To the Editor:
Lately, our state has been in the news regarding cuts in funding for schools. By some reports, funding per pupil has been reduced more than 20 percent between fiscal years 2008 and 2013. I am sure there is room for debate on the actual reduction, but it certainly seems that school funding is not a priority for our elected officials.
Given the importance of education, you have to wonder if the revenue is simply not there to provide the necessary funds to educate the children of our state.
We do seem, however, to have the revenue to provide significant “incentives” to companies in our state.
One of my favorite is the Quality Jobs Program that gives money to companies for hiring people that they would have hired anyway to do the work the company needs done. Seriously, would a company hire someone they didn’t need just to get a 5 percent incentive from the state? I don’t think so.
In fiscal year 2013, this program paid incentives of $78,921,081 to Oklahoma companies.
This is just one of many such programs in our state.
While there are many interesting contracts under this program, one of my favorites is the one with The Professional Basketball Club LLC. This company consists of a group of Oklahoma City executives who own both the Oklahoma City Thunder and the Tulsa 66ers.
The NBA website shows that Clayton Bennett leads this group and it includes seven other local executives. Under their Quality Jobs Program contract, they have received payments of $14,865,078 as of June 30. They receive about $3.3 million each year based on the payroll of the jobs they have created.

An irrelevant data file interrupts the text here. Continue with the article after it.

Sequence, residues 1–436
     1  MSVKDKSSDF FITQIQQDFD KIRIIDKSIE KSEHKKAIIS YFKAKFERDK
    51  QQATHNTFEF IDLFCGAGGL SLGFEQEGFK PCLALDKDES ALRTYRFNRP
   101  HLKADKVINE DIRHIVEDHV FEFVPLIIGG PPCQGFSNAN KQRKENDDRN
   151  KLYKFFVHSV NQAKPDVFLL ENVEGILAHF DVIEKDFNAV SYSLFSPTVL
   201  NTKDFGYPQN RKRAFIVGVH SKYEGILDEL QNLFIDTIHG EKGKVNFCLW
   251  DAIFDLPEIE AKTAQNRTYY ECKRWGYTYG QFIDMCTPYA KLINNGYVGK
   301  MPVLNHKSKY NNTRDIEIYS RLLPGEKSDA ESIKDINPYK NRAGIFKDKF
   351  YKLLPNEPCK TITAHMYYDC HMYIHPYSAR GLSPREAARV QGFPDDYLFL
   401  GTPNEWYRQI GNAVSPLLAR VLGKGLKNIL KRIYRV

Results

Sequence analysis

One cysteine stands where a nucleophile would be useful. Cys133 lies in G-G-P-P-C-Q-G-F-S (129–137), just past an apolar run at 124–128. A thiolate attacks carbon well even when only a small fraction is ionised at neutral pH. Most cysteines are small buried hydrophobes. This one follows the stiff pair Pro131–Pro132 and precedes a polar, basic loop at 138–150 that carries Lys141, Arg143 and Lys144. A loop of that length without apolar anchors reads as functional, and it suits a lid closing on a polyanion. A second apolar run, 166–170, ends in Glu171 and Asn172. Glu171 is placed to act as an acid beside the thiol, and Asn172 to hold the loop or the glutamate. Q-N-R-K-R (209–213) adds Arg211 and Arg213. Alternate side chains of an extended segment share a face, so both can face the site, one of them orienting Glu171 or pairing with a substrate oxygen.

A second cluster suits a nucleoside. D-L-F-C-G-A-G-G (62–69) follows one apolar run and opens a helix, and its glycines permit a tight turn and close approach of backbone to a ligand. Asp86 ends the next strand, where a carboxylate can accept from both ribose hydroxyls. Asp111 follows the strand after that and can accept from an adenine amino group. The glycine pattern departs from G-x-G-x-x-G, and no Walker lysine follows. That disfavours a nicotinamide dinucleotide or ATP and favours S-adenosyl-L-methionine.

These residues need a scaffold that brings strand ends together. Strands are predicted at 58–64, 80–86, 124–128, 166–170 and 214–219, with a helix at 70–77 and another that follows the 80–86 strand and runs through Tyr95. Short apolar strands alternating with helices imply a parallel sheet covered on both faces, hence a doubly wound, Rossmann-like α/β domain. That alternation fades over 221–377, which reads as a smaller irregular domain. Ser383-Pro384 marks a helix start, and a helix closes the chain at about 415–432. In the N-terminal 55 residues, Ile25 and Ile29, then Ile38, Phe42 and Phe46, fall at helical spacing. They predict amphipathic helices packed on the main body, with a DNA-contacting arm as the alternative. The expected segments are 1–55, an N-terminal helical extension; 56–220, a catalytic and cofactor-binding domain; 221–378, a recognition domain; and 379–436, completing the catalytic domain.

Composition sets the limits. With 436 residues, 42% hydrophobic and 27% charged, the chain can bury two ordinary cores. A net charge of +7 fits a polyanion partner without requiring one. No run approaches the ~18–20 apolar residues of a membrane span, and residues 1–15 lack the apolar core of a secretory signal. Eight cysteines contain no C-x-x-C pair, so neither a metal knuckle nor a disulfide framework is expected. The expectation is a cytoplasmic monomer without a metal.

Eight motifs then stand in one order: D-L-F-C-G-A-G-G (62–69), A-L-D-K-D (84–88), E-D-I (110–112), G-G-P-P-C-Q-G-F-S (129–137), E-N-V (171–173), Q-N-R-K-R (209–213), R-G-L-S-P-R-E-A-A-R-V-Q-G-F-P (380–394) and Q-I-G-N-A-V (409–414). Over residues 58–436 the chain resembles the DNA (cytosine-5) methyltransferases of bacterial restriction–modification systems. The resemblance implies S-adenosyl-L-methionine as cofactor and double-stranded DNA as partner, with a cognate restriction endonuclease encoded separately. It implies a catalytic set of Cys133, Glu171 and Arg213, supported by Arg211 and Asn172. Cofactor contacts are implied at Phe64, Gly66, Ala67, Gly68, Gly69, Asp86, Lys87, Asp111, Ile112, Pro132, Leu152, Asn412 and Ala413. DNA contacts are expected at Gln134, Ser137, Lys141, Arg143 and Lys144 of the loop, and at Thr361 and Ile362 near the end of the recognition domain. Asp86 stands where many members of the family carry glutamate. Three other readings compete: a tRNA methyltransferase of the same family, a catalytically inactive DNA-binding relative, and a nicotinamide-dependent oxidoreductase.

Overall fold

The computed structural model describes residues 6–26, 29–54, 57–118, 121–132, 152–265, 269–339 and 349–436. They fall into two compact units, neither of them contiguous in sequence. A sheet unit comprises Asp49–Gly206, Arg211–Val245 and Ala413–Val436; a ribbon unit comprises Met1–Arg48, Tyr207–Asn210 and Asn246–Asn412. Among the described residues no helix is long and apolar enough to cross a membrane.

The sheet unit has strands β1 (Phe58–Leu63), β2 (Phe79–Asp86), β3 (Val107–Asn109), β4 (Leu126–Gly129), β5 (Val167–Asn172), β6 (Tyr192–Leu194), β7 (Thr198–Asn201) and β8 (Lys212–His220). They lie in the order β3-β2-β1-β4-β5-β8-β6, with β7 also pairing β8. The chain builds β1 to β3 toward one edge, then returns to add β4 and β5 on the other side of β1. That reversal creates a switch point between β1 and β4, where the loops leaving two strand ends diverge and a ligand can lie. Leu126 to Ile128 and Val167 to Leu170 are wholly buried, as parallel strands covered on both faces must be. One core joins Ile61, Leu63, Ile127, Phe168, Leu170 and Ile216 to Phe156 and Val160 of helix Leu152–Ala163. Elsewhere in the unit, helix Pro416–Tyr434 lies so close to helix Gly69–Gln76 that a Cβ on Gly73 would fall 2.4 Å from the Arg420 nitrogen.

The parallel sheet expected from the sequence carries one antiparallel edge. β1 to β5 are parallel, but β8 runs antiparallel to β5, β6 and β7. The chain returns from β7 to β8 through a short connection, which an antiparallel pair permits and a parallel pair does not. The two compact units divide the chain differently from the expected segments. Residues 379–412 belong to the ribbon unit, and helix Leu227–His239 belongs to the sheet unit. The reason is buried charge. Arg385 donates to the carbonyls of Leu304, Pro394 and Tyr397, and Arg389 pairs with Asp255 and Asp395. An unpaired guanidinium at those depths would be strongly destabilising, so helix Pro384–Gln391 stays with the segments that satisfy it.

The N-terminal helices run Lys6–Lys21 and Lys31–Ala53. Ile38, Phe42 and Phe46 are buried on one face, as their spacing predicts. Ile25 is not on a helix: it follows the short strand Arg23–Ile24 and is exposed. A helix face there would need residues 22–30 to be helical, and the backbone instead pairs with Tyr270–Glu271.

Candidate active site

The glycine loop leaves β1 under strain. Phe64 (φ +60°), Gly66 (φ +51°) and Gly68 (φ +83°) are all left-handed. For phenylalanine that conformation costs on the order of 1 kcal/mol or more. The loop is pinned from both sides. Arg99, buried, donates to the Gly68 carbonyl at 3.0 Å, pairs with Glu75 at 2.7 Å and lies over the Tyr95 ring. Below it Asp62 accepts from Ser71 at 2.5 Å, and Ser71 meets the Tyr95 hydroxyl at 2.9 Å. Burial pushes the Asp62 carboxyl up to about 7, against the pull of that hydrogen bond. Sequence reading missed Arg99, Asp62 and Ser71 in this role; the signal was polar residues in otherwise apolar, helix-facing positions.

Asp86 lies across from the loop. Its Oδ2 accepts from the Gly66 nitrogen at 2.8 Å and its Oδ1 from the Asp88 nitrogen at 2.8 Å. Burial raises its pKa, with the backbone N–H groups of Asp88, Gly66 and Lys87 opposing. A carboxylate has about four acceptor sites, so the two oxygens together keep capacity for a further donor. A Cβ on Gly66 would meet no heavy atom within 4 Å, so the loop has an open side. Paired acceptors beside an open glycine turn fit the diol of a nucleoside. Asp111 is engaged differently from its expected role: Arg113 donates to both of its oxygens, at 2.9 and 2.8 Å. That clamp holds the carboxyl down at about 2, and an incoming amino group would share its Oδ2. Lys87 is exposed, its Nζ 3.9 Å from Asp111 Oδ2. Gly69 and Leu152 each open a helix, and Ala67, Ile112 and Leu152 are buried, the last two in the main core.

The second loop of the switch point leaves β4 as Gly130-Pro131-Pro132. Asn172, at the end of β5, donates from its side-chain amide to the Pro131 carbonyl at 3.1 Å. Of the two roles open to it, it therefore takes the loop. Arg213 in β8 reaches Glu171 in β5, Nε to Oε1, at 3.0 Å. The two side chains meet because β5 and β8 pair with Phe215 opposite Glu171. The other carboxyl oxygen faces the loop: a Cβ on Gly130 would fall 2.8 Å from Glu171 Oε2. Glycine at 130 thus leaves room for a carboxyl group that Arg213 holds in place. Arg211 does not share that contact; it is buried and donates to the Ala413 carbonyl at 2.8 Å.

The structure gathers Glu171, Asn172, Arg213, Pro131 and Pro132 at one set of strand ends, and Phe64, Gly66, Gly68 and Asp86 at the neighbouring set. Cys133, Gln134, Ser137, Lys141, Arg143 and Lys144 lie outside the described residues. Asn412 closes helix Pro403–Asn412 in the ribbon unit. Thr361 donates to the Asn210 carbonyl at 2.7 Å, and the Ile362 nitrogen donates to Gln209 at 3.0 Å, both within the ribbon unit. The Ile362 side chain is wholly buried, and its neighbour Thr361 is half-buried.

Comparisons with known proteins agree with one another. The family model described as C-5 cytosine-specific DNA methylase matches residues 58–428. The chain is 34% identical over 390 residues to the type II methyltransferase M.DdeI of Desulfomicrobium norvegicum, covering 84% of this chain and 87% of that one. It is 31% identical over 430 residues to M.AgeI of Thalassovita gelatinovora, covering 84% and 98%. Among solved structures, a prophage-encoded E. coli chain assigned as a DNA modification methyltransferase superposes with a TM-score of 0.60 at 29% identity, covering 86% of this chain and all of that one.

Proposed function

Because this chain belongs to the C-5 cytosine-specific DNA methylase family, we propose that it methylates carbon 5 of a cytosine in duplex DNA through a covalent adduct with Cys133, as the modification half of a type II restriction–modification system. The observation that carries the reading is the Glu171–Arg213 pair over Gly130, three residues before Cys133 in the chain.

They haven’t created that many jobs, but all those well-paid NBA players make for high incentive payments.
So, if you think paying millions of dollars to the owners of the Oklahoma City Thunder, and many other state businesses, is more of a priority than funding our public schools then you should feel good. If you don’t think that then perhaps you should tell your state elected officials so they can do something about it.
To the Editor:
County budget issue drives away road improvements
I am interested in working with other local officials to present a town hall meeting about the earthquakes that have been torturing area residents during the past few weeks. The forum would allow local residents to ask questions of the energy sector and state geological professionals. Would you have an interest in attending an event like this? If so, please let me know. If there is enough interest, I plan to help coordinate the effort.
A bailout for Ukrainians, by Ukrainians?
Like the reigns of many corrupt leaders, that of Viktor Yanukovich ended in farce. But there’s nothing farcical about Ukraine’s situation.
Russian troops have taken over its Crimean region, and President Vladimir Putin last week said that Russia “reserves the right to use all means at our disposal to protect” Russian-speakers in Ukraine.
Los Angeles Times: Supreme Court, don’t tread on small investors
For more than a quarter of a century, investors have been able to bring class-action lawsuits against companies that have fraudulently inflated their stock prices without having to prove that each buyer of the stock had been individually duped. Now, industrial giant Halliburton Co. is trying to persuade the Supreme Court to make such lawsuits significantly harder, if not impossible, to bring. That would be a fantastic result for publicly traded companies, but a terrible one for the average investor.